Diabetes and LASIK – Is the Condition Disqualifying?

Written by David Evans, PhD, MBA   Last modified on August 6, 2018

Diabetes is a common group of metabolic diseases marked by abnormally high blood sugar levels. Elevated blood sugar levels can cause all sorts of health-related problems, including doubling the risk of heart disease and stroke. Diabetes can also wreak havoc on vision health in the form of diabetic retinopathy, the leading cause of blindness among people with diabetes.

Although it’s true that the typical intersection between diabetic patient and eye surgeon relates to the diagnosis and treatment of diabetic retinopathy, it’s not the only one. Some diabetic patients want to see better without their glasses or contact lenses and are therefore interested in refractive surgery like LASIK. The question is, are diabetics candidates for LASIK or is the condition disqualifying?

Yes, with a But

If you have Type 1 or Type 2 diabetes and have experienced an unrelated change in vision that you’re seeking to treat with LASIK, you’ll be glad to hear that it is possible to undergo refractive surgery. But… there are a number of considerations that must be carefully evaluated by your eye surgeon before it’s possible to determine your candidacy.

What are the Considerations?

The longer that you’ve had diabetes, the greater your risk for developing diabetic retinopathy. If changes in your vision are caused by diabetes, refractive surgery will offer limited benefit. (LASIK corrects refractive errors like myopia, hyperopia and astigmatism.)

Diabetes is considered a “relative contraindication” for refractive surgery (which is an elective treatment) by the FDA and the American Academy of Ophthalmology. This means that under certain conditions, people with diabetes are restricted from getting surgery like LASIK. Uncontrolled diabetes — which occurs when diabetics do not (or cannot) properly manage their blood sugar levels — is an “absolute” contraindication.

For diabetic patients interested in correcting a refractive error with LASIK, this means that candidacy essentially boils down to status, management and monitoring of the condition.

Candidacy

The first step in determining whether a diabetic patient is fit for LASIK is evaluating blood sugar levels and diabetes history. Eye doctors will want to know how long the patient has had diabetes and assess the stability of the patient’s prescription. Abnormalities in blood sugar levels can cause fluctuations in prescriptions, so it’s essential that vision is stable and blood sugar controlled before correction can be considered.

In addition to speaking with the patient, the eye surgeon may also wish to speak with the primary care physician to obtain additional information about the patient’s hemoglobin A1c level (average blood sugar over the past two-to-three months) and blood pressure history. Assuming that the patient’s vision is stable and blood sugar levels well managed and controlled, the eye surgeon can then assess ocular health. This will include evaluation of corneal health and of course a screening for diabetic retinopathy.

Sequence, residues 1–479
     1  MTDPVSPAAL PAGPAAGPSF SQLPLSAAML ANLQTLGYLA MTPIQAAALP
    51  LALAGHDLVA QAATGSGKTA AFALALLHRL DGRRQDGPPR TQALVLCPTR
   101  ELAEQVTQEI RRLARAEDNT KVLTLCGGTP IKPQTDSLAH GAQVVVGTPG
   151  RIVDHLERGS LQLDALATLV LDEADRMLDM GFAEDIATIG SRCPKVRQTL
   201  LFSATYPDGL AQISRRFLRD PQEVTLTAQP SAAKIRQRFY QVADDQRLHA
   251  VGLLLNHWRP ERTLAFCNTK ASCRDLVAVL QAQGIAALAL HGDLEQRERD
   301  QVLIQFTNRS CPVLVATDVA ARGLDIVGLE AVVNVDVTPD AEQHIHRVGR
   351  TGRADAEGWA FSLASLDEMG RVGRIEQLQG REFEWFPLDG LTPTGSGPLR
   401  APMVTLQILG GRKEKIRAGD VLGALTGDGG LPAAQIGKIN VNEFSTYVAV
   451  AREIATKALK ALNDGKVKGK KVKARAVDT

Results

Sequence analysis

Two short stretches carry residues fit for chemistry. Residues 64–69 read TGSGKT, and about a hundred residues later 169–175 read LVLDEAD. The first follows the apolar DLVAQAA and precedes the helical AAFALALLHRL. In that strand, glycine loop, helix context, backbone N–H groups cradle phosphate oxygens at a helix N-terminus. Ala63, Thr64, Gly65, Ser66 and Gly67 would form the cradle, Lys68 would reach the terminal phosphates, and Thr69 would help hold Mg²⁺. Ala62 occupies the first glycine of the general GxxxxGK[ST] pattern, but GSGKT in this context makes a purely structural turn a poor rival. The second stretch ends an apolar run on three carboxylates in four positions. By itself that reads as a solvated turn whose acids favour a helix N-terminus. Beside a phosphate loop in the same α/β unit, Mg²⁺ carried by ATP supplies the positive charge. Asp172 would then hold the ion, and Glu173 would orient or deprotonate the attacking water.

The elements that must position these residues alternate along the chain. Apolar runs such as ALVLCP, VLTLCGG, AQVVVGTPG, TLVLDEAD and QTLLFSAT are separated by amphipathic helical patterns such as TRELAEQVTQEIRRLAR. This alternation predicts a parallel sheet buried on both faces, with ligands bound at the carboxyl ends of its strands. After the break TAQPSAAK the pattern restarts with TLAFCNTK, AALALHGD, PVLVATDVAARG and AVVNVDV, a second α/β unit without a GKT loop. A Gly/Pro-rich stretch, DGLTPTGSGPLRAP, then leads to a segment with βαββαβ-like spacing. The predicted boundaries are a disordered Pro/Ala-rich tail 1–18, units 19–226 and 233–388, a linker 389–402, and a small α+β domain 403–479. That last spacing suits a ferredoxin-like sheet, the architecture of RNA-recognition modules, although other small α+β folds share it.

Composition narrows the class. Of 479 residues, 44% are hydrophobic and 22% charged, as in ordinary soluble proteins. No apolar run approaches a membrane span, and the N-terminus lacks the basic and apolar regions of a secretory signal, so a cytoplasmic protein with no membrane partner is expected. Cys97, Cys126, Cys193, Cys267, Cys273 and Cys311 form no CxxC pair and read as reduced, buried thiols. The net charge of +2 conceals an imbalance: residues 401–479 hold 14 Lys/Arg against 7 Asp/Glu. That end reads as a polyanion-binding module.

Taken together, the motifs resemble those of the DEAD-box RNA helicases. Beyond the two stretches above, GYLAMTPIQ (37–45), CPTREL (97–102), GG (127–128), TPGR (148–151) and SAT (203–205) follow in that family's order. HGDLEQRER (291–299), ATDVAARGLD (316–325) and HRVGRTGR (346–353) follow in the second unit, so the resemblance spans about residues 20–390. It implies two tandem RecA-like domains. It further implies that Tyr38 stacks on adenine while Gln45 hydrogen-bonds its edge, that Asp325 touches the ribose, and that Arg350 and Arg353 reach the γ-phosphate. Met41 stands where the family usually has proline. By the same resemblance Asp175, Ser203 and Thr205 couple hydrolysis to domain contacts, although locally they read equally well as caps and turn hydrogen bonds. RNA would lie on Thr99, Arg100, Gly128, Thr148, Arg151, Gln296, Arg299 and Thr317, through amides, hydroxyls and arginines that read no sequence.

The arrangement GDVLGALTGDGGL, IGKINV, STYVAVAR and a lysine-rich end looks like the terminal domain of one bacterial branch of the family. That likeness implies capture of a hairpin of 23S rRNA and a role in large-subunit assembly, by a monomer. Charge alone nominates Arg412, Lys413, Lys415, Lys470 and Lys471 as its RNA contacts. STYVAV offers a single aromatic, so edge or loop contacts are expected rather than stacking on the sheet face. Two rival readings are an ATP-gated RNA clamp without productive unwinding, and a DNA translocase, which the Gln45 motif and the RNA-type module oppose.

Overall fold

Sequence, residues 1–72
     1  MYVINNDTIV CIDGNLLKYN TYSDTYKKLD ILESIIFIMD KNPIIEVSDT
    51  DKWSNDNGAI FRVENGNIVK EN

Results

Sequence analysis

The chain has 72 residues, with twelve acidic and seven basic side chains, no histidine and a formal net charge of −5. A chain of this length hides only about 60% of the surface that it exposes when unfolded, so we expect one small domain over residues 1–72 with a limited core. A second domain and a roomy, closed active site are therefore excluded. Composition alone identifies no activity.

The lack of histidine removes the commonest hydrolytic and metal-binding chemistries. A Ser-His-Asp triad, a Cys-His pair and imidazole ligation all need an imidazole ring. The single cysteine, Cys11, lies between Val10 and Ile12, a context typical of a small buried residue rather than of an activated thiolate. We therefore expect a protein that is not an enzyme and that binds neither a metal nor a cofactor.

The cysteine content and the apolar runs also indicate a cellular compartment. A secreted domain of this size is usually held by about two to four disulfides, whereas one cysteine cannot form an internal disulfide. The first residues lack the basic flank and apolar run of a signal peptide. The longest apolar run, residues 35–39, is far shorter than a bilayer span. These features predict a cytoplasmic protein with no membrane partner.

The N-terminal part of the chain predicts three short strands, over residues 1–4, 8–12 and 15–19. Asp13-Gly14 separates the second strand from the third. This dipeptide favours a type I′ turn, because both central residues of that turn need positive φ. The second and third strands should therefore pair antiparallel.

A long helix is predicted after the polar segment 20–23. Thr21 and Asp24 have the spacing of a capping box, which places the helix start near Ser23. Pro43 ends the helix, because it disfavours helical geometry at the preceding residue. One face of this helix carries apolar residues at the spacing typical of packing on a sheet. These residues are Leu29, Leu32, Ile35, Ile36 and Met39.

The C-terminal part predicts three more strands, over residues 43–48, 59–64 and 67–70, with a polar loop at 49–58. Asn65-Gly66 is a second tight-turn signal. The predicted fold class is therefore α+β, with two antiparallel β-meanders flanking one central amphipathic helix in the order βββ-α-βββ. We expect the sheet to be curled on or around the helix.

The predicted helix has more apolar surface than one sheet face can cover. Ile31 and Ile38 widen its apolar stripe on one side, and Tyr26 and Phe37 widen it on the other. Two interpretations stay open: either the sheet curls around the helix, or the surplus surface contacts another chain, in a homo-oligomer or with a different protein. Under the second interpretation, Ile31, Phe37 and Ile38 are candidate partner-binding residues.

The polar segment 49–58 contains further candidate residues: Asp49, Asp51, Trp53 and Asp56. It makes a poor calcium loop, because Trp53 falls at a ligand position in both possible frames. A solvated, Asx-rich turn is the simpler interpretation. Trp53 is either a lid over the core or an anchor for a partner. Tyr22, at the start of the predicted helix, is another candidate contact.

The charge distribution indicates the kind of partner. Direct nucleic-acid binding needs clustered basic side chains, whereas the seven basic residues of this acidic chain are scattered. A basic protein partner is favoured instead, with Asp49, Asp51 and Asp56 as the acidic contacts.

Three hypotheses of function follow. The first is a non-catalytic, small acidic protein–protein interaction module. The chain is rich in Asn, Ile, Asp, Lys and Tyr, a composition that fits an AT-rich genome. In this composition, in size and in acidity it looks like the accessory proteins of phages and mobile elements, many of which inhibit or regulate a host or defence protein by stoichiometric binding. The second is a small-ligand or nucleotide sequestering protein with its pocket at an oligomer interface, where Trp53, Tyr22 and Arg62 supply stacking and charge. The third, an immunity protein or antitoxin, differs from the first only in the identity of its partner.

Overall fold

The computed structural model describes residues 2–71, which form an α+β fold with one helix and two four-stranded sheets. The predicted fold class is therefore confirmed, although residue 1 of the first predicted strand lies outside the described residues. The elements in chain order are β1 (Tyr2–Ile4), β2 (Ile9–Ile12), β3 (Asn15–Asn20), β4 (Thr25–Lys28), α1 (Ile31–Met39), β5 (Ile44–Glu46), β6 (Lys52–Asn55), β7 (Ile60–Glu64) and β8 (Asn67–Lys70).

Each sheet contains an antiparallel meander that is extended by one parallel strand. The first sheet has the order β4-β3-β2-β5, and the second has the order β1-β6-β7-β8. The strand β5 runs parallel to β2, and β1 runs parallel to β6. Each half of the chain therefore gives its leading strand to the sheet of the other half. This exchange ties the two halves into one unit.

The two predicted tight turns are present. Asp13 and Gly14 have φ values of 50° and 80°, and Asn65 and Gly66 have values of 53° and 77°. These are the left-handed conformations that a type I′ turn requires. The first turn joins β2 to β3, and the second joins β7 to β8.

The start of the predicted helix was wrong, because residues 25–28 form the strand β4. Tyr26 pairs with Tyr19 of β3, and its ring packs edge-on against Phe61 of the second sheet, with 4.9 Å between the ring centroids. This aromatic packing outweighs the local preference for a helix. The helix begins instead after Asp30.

LASIK is preferred over PRK for diabetic patients out of concerns related to the longer healing time. Due to impaired wound healing, diabetic patients can end up with permanent corneal haze after PRK, making LASIK a safer option. LASIK candidacy is more stringent than PRK (check out our article on LASIK vs. PRK for more information), meaning that even if a diabetic patient’s prescription and blood sugar levels are stable and well-managed, he/she may still not be a good candidate for refractive surgery if they do not meet the criteria for LASIK.

The Recovery

Diabetic LASIK patients will experience a longer healing period than non-diabetic patients because of the associated impaired wound healing. The risk of infection is greater, meaning that it’s important that the patient is monitored closely after treatment during the recovery period. Steroid eye drops are frequently used during the recovery process, but this can be problematic for diabetics. Absorption of steroids into the bloodstream can spike blood glucose, so doctors advise blocking the tear ducts during application.

Dry eye after LASIK is another concern for diabetics. Although this is a potential side effect for any LASIK patient, it can be more severe for diabetic patients, requiring increased application of eye drops. Preservative-free drops are recommended every 15 to 30 minutes in the days after LASIK.

The Bottom Line

If you have diabetes and have a refractive error, LASIK refractive surgery may be an option. But it’s important that you are fully aware of the additional hurdles that must be cleared in order to qualify for treatment.

If you are interested in LASIK, but not sure whether your diabetes may be disqualifying, setup a consultation with a qualified eye surgeon to get additional information and begin the evaluation process. We feature a number of top LASIK surgeons on Better Vision Guide who can meet with prospective patients to determine candidacy and discuss alternative options, if need be.